SDA Sabbath School Lessons
Sunday August 4, 1996

The Sabbath as a Creation Ordinance (Gen. 2:1-3).

How do we know that the Sabbath was instituted for all humanity in every age, not only for the Israelite nation? Gen. 2:1-3.

In his Creation account, Moses mentions that, after concluding His six days of Creation, God rested on the Sabbath (Gen. 2:1-3). The Lord repeats this fact in the fourth commandment (Exod. 20:8-11). Gordon J. Wenham states: "The seventh day is the very first thing to be hallowed in Scripture, to acquire that special status that properly belongs to God alone. In this way Genesis emphasizes the sacredness of the Sabbath. Coupled with the threefold reference to God resting from all his work on that day, these verses give the clearest of hints of how man created in the divine image should conduct himself on the seventh day."--Word Biblical Commentary, Gen. 1-15 (Waco, Tex.: Word Books, 1987), p. 36.

What is different about the Genesis reference to the seventh day in Creation and the references to the other six days? Gen. 1:5, 8, 13, 19, 23, 31; Gen. 2:2, 3.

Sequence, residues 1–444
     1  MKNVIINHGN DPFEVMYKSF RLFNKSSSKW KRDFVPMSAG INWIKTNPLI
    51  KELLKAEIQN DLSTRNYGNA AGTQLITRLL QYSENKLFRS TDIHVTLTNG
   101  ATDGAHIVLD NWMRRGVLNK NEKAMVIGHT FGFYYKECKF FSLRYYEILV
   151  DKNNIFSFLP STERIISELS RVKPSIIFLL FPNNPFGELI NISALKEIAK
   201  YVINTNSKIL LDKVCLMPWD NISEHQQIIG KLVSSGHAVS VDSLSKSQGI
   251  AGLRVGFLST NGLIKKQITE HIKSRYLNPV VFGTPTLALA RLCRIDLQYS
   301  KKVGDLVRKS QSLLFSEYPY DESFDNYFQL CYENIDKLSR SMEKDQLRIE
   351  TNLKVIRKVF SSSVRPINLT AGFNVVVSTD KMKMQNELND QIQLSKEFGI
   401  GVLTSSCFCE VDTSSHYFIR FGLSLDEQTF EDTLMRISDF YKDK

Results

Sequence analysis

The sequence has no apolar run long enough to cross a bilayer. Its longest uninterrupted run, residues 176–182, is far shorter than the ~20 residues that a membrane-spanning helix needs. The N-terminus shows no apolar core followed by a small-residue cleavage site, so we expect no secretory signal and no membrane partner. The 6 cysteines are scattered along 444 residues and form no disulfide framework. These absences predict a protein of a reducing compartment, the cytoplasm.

Unlike the other six, the seventh Creation day is not designated by "evening and morning." Some scholars claim that the six days were set periods, whereas the seventh was open-ended. Thus, they suggest the Sabbath was pre-Fall time, to be restored when sin and sinners are no more. This overlooks three important facts: (1) The seventh day is called a day (Hebrew yom; Gen. 2:2), as are the previous six days (Gen. 1:5-31). (2) The last day of Creation week is called the "seventh." (3) The fourth commandment equates the seven as equal parts of one week (Exod. 20:8-11). Therefore, Creation Sabbath was not an extended period of time anymore than were the previous six Creation days.

The word for day in Hebrew (yom) always means a 24-hour period when used with the adjectival numerals "first," "second," "third," etc. Hence, Genesis 1 speaks of Creation in six literal days. The normal linguistic meaning of "seventh day" in Genesis 2:2 is the same as the meaning of the previous six days. Unlike the month and the year, which are marked off respectively by the moon- and sun-rotation cycles, there is no natural phenomenon to mark off the week. The week originates from Creation week.

What is the relevance for the Sabbath doctrine that the weekly cycle has never been changed?